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LTCI in Easy Terms

Not all LTCI policies are alike. It’s your job to make your clients understand the differences.

By Charles D. Marks, CLU, ChFC, CLTC, AEP

Unlike Medicare supplement contracts with the contractual provisions that are identical, there can be big differences in long-term care insurance (LTCI) contracts. You need to make sure your clients understand before they buy. An informed client will be a satisfied client when it’s time to ask for referrals. Let’s take a plain-language look at some of these provisions.

Elimination period: With most LTCI contracts, the elimination period has to be satisfied only once. Others require that the elimination period be satisfied for each incident of disability.

Bed reservation: This provision originally reserved your bed in a facility for a certain number of days in the event of hospitalization. Today, this provision varies as to the number of days provided as well as the conditions under which the bed will be held. Some provisions require hospitalization; others are more liberal.

Waiver of premium: Most companies will waive premiums after satisfying the elimination period and when benefits begin. For others, the waiver wait begins with care. Some companies offer joint premium waivers so that when one insured satisfies the conditions, the premium is waived for both people under the policy.

Nervous and mental disorders: A recent liberalization in LTCI policy forms is the elimination of the exclusion for mental and nervous disorders. A number of carriers, however, still exclude these disorders while covering certain types of cognitive impairment—Alzheimer’s disease, for example.

Home-care provisions
Since more than 80 percent of long-term care is now provided in the home, it is critical that we examine the home-care provisions within LTCI contracts. Here are some of the most important provisions.

  • Elimination period for home health care: In some of the newer policies, there is a zero-day elimination period for home health care. Other contractual provisions allow seven days toward satisfying the elimination period if there is one day of service during the week, or they may require that the full elimination period be satisfied. (One day of service equals one day toward satisfying the elimination period.) For a policy today with a $200 daily benefit and a 90-day elimination period, the difference in cost in 30 years for your client could amount to $72,000 (assuming a 5 percent inflation factor).

  • Home health care benefit maximum—daily, weekly, monthly: Some contracts provide daily reimbursement for home health care; others allow a weekly maximum in that the daily benefit is multiplied by seven and reimbursement is given for all services provided during the week. The most liberal provision is for monthly reimbursement with the daily benefit multiplied by 30. The difference in the amount of reimbursement can be significant.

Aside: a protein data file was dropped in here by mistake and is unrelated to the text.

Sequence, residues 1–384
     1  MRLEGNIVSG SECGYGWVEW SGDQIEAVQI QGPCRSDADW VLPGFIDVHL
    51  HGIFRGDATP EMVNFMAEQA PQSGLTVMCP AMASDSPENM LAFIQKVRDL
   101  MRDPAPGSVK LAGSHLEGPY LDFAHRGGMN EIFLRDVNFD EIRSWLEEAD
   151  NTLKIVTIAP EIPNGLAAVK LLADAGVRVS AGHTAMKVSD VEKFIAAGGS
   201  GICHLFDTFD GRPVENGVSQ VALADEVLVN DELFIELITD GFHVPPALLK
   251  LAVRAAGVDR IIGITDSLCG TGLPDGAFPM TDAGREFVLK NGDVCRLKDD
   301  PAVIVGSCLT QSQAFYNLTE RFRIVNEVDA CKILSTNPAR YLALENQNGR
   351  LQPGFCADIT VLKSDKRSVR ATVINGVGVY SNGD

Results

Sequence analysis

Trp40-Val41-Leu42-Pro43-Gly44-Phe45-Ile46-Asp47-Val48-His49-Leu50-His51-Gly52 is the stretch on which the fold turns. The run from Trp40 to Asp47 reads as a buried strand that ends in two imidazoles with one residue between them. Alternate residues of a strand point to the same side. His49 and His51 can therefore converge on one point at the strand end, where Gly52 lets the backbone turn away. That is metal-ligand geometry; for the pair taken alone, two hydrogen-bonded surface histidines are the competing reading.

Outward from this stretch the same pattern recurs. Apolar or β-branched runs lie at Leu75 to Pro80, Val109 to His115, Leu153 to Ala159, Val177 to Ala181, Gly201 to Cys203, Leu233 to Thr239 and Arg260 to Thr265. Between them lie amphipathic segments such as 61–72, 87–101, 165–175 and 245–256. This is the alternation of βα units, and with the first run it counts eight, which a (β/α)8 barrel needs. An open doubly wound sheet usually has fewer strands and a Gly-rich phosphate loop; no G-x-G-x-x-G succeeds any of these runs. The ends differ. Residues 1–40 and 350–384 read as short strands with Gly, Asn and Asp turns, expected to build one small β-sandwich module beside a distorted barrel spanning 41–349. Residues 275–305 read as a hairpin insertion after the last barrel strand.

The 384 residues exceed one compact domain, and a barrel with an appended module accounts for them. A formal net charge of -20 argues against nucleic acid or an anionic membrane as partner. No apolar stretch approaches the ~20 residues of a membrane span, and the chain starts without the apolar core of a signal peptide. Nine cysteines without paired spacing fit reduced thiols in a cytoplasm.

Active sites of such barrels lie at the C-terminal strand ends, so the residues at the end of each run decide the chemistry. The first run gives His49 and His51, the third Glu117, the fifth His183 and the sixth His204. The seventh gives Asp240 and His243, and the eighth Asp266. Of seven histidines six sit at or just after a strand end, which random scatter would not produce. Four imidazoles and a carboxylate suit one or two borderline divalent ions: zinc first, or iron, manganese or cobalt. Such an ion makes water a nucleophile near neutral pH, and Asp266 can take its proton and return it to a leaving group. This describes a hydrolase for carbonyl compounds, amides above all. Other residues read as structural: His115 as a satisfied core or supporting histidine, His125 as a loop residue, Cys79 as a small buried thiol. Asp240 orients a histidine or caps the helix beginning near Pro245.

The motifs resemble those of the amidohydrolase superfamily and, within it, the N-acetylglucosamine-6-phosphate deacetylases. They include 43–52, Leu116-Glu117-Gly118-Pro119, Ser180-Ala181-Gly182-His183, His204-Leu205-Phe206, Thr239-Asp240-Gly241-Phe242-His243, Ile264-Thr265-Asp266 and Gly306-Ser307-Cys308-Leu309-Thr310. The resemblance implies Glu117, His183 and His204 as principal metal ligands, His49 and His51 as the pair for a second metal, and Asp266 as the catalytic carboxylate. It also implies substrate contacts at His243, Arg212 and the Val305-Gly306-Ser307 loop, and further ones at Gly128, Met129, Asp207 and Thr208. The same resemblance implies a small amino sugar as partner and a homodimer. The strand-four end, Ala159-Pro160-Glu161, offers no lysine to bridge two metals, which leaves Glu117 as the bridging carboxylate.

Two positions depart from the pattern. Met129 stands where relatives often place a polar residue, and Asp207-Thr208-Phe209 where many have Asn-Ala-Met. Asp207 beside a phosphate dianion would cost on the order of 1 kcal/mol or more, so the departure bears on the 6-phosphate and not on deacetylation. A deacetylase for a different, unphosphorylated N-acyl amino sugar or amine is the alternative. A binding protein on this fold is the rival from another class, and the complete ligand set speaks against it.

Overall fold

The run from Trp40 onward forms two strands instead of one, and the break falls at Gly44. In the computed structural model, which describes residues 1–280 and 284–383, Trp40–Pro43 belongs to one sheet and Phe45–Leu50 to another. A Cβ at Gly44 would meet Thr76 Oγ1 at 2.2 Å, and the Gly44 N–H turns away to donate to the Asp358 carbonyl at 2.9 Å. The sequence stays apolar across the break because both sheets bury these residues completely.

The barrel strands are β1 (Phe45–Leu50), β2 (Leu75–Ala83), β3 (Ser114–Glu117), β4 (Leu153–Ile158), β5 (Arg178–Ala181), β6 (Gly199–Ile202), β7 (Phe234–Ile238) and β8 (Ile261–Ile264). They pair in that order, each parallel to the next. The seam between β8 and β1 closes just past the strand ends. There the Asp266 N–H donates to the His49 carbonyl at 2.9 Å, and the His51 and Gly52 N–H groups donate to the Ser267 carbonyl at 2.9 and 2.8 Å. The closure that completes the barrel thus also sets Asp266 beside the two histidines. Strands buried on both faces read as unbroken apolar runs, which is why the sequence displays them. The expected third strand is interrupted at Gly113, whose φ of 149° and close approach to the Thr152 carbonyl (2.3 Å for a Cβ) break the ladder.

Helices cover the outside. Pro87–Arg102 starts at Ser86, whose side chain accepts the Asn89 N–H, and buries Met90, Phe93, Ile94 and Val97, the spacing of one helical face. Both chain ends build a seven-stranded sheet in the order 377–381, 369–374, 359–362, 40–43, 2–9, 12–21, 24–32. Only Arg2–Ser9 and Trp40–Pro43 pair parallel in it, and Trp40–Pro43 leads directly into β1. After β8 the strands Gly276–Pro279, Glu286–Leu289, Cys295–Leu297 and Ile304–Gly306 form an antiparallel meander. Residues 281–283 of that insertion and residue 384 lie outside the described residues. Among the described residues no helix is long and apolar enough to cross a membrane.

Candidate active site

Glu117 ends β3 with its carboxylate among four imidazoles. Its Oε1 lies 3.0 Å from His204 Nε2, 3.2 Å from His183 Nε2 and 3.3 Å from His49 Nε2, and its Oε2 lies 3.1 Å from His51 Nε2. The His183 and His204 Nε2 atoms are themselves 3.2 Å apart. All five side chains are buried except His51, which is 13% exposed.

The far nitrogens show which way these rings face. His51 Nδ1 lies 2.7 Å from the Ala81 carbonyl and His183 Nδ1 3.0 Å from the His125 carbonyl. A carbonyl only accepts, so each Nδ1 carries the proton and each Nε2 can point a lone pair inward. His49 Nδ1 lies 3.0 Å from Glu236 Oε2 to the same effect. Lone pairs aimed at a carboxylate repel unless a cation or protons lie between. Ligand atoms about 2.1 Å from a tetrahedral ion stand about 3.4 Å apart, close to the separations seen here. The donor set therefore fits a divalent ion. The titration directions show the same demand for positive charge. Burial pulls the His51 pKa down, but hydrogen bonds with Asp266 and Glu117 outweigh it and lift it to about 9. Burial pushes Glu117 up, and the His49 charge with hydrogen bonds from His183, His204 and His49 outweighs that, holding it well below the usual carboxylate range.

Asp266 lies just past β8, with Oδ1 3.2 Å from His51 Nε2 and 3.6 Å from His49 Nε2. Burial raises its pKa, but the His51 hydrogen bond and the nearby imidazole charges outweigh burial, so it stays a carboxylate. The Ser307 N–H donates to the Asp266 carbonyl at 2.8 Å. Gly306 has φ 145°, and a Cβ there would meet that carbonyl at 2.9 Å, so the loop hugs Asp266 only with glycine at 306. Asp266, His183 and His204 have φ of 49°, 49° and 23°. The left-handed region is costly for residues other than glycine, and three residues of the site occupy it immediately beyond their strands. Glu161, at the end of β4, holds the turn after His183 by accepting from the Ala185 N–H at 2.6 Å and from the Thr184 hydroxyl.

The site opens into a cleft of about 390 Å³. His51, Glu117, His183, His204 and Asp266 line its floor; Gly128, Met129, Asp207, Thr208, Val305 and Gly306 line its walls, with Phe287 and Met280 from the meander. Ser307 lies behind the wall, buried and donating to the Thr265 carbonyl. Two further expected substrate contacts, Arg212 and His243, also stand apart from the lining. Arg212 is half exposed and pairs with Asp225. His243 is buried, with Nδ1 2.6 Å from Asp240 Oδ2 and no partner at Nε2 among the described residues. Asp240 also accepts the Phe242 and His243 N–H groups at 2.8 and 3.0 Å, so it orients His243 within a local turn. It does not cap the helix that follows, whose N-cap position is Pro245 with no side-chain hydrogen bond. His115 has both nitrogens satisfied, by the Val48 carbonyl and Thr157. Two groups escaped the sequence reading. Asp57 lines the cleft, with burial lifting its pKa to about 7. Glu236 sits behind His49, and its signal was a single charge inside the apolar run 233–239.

• Home health care services: Some contracts require that home health care services be secured through a state-licensed home health care agency; others allow the policyholder to hire private help as long as the caregiver has been licensed or certified by the state. A few insurers authorize care by a spouse, a friend or an unlicensed caregiver.

  • Care management: At the time of a claim, some companies require that an independent care coordinator perform an initial assessment, develop a plan of care and assist the family in locating care providers. Others make this benefit optional.

Optional benefits
There are also substantial differences in the optional benefits offered in LTCI contracts.

  • Paid-up options: In newer policies, there are now single-premium, 10-payment and payment-to-65 options. These options are attractive to younger people because the policyowners can pay all premiums during their working years and have the assurance that they will not be subject to rate increases after the payment period has ended. A number of companies only offer lifetime payments.

  • Survivorship benefit: This benefit provides that after the LTCI contract has been in force for a number of years, if one spouse dies, the contract becomes paid up for the surviving spouse. Some companies do not offer this benefit.

  • Restoration of benefits: If a disabled insured makes a full recovery and does not require care for 180 days, benefits are restored back to the full maximum benefit before the claim occurred. Some companies do not offer this benefit.

  • Return of premium: At the death of the insured, some companies will return all premiums paid minus claims; others will return all premiums regardless of claims. A number of companies do not offer this benefit.

  • Worldwide coverage: Most companies provide coverage within the United States and its territories, and Canada; some provide worldwide coverage with a reduction in benefits.

Charles D. Marks, CLU, ChFC, CLTC, AEP, is an LTC insurance consultant in New Orleans. You may contact him at cdmdrt@msn.com.

 


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